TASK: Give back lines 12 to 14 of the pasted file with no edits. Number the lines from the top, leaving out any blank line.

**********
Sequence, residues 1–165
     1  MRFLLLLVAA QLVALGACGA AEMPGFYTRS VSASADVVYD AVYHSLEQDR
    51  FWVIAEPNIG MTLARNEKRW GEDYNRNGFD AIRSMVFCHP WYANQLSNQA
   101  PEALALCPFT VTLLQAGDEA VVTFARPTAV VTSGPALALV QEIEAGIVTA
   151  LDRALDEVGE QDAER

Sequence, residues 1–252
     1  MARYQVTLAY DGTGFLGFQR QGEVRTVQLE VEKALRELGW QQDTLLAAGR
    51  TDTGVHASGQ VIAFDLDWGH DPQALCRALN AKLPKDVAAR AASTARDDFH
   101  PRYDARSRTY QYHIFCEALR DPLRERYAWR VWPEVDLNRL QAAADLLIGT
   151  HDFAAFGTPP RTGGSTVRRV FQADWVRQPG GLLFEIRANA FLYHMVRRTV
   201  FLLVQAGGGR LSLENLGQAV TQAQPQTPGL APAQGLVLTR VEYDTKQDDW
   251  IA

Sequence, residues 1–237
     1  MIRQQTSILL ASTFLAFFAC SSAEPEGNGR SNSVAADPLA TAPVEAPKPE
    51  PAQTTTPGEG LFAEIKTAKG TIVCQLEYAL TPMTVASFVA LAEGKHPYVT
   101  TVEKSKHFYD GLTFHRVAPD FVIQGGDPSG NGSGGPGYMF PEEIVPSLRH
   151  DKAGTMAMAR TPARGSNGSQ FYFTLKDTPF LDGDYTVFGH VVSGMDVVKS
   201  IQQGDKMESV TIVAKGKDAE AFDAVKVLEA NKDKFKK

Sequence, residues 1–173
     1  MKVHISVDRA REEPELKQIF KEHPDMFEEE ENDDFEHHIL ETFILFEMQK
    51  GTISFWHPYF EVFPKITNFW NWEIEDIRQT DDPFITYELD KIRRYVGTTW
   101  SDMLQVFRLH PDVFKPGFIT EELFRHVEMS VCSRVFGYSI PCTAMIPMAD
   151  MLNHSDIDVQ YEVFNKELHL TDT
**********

   251  IA

Sequence, residues 1–237
     1  MIRQQTSILL ASTFLAFFAC SSAEPEGNGR SNSVAADPLA TAPVEAPKPE